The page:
The Merckx era ended on stage 15 of the 1975 Tour de France when genial Frenchman Bernard Thevenet caught and dropped the Master on the climb to Pra Loup. A crazy fan’s hard punch to the Belgians kidney on the Puy de Dome stage hadn’t helped Eddy’s condition and there was speculation that the medication he took to ease the pain played a part in his collapse.
An ‘on cam’ Merckx might have pulled it back, but a crash at the start of stage 17 left him with a broken jaw, unable to ingest solid food. A lesser man would have gone home; but he wasn’t a lesser man – he was Eddy Merckx. That was the Tour where the French finally learned to love le Cannibal, as he refused to retire and devalue Thevenet’s win.
Interviewed before the start of the ceremonial last stage into Paris and asked if he would attack Thevenet, he replied; “yes of course!” but added with a wry smile; “but just a little.”
Never again would I admire a rider as much as I admired Eddy.
Lucien Van Impe took the 1976 Tour de France.
It was the year of the long hot summer in 1976; Merckx didn’t start, Thevenet went out with illness, Maertens was rampant with eight stage wins but tiny Belgian Lucien Van Impe climbed to glory – it would be more than 20 years before another ‘pure’ climber sampled the best view in Paris.
…And Zoetemelk was second again.
Van Impe might have won for a second time in ’77 but for a badly timed crash and it was Thevenet who again topped the podium ahead of Hennie Kuiper (Holland), amid rumours of yellow jerseyed riders failing dope tests and the organisers covering it up; the Tour couldn’t have such scandals – if only they’d had a crystal ball.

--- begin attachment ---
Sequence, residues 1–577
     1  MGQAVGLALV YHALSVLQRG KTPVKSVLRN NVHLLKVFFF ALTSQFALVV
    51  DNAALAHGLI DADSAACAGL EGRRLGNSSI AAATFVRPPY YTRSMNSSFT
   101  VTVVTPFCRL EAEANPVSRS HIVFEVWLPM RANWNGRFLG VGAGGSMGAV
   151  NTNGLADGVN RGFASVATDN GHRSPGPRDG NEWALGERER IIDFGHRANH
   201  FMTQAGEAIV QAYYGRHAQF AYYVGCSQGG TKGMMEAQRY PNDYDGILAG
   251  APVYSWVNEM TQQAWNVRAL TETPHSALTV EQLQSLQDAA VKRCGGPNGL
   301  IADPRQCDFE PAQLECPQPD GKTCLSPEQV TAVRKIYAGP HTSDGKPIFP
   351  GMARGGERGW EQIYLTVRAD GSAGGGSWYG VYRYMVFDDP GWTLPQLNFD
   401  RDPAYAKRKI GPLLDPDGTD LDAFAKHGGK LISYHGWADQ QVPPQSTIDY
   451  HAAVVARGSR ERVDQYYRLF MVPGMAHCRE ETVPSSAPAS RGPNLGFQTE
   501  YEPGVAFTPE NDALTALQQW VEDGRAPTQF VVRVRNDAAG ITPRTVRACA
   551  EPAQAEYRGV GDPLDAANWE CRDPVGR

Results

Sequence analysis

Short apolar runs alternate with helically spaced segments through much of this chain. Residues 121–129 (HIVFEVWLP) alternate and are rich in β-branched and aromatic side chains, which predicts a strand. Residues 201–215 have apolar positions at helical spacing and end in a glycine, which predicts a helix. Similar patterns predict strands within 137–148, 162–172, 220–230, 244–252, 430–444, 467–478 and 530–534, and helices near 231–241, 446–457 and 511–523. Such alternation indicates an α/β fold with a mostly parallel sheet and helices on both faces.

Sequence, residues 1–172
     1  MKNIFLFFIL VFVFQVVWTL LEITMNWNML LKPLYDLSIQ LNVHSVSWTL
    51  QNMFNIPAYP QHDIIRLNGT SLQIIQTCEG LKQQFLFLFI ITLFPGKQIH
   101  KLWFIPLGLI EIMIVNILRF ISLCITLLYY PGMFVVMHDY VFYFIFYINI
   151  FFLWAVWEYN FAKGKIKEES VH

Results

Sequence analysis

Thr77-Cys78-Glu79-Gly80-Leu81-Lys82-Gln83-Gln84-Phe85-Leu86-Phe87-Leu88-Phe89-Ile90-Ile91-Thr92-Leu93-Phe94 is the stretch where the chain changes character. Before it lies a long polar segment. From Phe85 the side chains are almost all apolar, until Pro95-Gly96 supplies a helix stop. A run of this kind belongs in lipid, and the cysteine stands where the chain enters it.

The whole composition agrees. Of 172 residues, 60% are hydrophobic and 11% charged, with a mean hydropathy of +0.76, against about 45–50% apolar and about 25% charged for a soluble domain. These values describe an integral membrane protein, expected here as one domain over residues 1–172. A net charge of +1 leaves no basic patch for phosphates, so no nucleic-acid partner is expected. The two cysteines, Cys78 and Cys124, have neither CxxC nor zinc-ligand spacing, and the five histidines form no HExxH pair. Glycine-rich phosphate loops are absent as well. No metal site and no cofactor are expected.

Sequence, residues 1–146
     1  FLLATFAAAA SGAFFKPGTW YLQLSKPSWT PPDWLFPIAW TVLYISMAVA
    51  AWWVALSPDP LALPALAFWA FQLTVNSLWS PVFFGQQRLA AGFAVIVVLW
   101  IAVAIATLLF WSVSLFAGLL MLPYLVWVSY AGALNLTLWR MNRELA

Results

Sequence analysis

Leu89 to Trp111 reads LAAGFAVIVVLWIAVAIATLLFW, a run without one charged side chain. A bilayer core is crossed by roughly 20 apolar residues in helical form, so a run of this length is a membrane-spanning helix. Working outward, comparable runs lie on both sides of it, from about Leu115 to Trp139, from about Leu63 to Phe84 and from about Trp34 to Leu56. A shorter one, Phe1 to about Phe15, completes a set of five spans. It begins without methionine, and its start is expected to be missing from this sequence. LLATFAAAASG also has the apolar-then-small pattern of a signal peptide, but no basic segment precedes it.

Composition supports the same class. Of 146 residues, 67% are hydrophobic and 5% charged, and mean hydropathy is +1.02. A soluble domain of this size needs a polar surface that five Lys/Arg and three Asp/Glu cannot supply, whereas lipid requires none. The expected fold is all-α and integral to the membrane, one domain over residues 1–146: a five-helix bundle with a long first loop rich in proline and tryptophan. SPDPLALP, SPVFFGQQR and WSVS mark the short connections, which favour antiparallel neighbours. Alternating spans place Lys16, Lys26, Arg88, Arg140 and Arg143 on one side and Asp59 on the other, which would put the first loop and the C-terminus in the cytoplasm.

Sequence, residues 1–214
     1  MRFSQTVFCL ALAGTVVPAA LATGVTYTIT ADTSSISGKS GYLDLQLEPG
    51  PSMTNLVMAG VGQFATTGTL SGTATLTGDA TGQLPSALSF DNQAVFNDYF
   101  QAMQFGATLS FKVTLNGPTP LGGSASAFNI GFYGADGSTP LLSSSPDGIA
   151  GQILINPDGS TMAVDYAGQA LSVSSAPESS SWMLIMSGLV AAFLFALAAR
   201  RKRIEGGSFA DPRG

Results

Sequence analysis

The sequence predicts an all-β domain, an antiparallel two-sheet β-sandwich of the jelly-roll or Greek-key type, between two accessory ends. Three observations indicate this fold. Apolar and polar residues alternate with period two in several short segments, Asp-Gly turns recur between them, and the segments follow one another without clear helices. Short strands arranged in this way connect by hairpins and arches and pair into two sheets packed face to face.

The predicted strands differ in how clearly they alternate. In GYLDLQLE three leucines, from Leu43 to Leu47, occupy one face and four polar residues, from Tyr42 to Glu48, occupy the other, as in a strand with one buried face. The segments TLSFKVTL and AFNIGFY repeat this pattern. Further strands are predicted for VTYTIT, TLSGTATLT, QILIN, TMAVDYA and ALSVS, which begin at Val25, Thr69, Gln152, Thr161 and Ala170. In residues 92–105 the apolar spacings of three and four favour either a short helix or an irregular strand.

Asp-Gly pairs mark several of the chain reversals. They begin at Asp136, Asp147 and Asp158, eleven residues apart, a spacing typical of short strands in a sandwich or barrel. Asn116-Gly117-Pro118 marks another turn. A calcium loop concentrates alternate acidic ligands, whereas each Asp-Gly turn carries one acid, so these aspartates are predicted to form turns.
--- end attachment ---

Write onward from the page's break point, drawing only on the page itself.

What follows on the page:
Thevenet would tell me years later that he owed his win to that rare thing; a mistake by Kuiper’s Raleigh manager, Peter Post who kept the team riding in support of German ‘Golden Boy’ Dietrich Thurau, who won the prologue and held the jersey for the first 15 stages, but was never going to conquer the high mountains.
If Post had burned out less Raleigh candles in support of ‘Didi’ and thought more about the Dutchman, it might well have been a different ending.
Dietrich (DiDi) Thrau.
We first heard of Bernard Hinault in 1977 when he won Liege – Bastogne – Liege and Gent – Wevelgem.
The Spring of ’78 saw him win the Vuelta – but, le Tour?
It was the ‘D word’ that propelled Hinault in the direction of yellow; Belgium’s Michel Pollentier (who still manages amateur teams in Belgium) was caught trying to beat the testers at the top of l’Alpe d’Huez with a piece of rubber tube and a flask of ‘clean’ urine – crazy, but true!
The one and only, Bernard Hinault.
The Belgian headed home, Zoetemelk pulled on the maillot jaune but Hinault blasted the field in the 72 K chrono a few days later to run out winner in Paris by just under four minutes from Zoetemelk.
The last Tour of the 70’s also went to ‘le blaireau’ – ‘the badger’ as he was now known (the French habit of nicknaming every single rider is one of the few things that I dislike about our wonderful sport) won seven stages, including the last one, on the Champs Elysees with Zoetemelk again second.
And if you’re a ‘techie’ – this was the first year of the seven speed freewheel.
The 80’s – Dallas, shoulder pads, Campag C Record, an eternal second comes first and . . . . an American winner!
Talk to you tomorrow.